Democrats have begun to discuss expanding the footprint of their August nominating convention with multiple satellite events held across the presidential battleground map, an option reflecting stepped-up local warnings about holding traditional mass gatherings amid an ongoing pandemic.

One alternative under consideration, according to two Democrats familiar with the talks, envisions several smaller regional events for delegates and party leaders that would accompany a minimized main event in Milwaukee, which the presumptive nominee Joe Biden would probably attend.

Spreading the events across several locations would dilute the traditional pageantry of the convention — and limit the masses of delegates and onlookers who flock to the events. But it would allow the party to target specific areas where it hopes to turn voters its way in November, according to the two Democrats, who spoke on the condition of anonymity to discuss private planning.

“If we were to be remote and in more places than just Milwaukee, it would likely be the case that we would be in battleground states,” said one knowledgeable Democrat, who said no decision has been made.

The presidential conventions, marquee events for each political party that traditionally offer four full nights of televised appeals to voters, are one of the few major events of the summer to remain on the calendar, although the Democratic gathering has already been pushed back from mid-July to Aug. 17 in hopes that the coronavirus outbreak will diminish over time.

The Summer Olympics, which were to occur between the two conventions on the original schedule, have been delayed for a year; professional sports leagues have halted, and schools are weighing whether they will be able to start back in the fall.

Biden held his last in-person campaign event in early March. Since then, he’s been holed up in his home in Wilmington, Del., where he has communicated via video stream and telephone. Trump has gone without his trademark rallies since March as well, although lately he has chafed at his White House quarantine and ventured to some swing states for official events.

For Democrats, the satellite idea grew out of conversations about how the party would handle a convention if major speakers were not able to travel to or stay in Milwaukee. In that case, one Democrat said, it would make sense to have some of them located in the states that will decide the election. The ideas included holding events in five or six different states.

The discussions come as local leaders in both Wisconsin and North Carolina, the site of the Republican convention, have begun to speak out with concern about hosting mass gatherings that attract tens of thousands of travelers from around the world.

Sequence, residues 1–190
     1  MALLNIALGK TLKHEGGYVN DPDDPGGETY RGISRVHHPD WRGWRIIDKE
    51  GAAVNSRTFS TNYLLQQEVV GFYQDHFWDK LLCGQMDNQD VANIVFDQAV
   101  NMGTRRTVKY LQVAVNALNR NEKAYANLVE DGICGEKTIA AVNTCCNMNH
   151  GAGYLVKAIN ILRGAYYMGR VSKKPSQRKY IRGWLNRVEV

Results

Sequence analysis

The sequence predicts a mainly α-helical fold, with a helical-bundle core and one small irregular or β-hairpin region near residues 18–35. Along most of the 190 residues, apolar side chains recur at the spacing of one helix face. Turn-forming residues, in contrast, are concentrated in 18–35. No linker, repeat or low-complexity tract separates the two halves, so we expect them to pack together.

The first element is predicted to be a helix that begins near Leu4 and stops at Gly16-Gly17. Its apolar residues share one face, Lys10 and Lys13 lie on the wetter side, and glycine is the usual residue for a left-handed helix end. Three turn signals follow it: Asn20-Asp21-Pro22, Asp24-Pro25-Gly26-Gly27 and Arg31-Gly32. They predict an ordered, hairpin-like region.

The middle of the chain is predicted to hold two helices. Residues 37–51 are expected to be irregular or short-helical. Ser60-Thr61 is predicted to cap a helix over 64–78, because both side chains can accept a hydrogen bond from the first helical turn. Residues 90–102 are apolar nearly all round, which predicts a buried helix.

Milwaukee’s health commissioner, Jeanette Kowalik, told the Milwaukee Journal Sentinel this week that “shifting to a more virtual [convention] would be ideal to protect the public,” echoing comments from Wisconsin Gov. Tony Evers (D) that a virtual event would be the “smartest way.”

“I think you should hope for the best and plan for the worst,” said North Carolina’s top health official, Mandy Cohen, just days after the mayor of the host city of Charlotte, Vi Lyles, said on MSNBC that the Republican event “will be very different” because of the virus.

Republican National Committee officials have traveled to Charlotte in recent weeks and are still determined to have the event there, party officials said. Invites went out in the last week to top party donors, inviting them to a four-day event in the city.

But Republican leaders have also discussed scaling back their event, as local and state officials have not made a final decision yet on whether they can host it as originally planned. President Trump has suggested having backup plans ready in case Charlotte spurns the convention, including having the event in Florida, which has begun to reopen its public spaces earlier than many other states and is run by a Trump ally, Gov. Ron DeSantis (R).

“I would hope there are people who use common sense in terms of scaling down the convention,” said Charlotte City Councilman Malcolm Graham (D). “Having 50,000 people come is in no one’s interest.”

Democrats are also moving to change their party rules to allow for a virtual event, with remote voting by delegates, if needed.

The full membership of the Democratic National Committee is voting on the change by mail, with the ballots due to be returned before the end of the month, according to a party spokeswoman.

Katie Peters, the communications director of the Democratic convention effort, said the party remained committed to hosting an event in Milwaukee.

“Even without the pandemic in the picture, we would be looking at creative production elements we can do to bring the country together,” she said. “But at this point, our plans are very much centered on Milwaukee.”

Conversations between the Biden campaign and convention planners have been described as open-ended and speculative. The Biden campaign will ultimately make the decisions about the shape of the convention.

Democratic convention planners have access to several possible venues in Milwaukee separate from Fiserv Forum, a basketball arena for the Milwaukee Bucks that was to be the main gathering place. These include the city’s convention center, the UW-Milwaukee Panther Arena and the Miller High Life Theatre, a music venue.

Biden has said he hopes to be in Milwaukee for the convention, regardless of how limited the attendance could be. The city was chosen in part because Wisconsin was a state where Trump narrowly defeated Hillary Clinton in 2016, and it continues to be seen as the tipping-point state in 2020.

“[Biden] recognizes the strategic importance of being there, and he’s said he’s going to be there,” said one of the Democrats.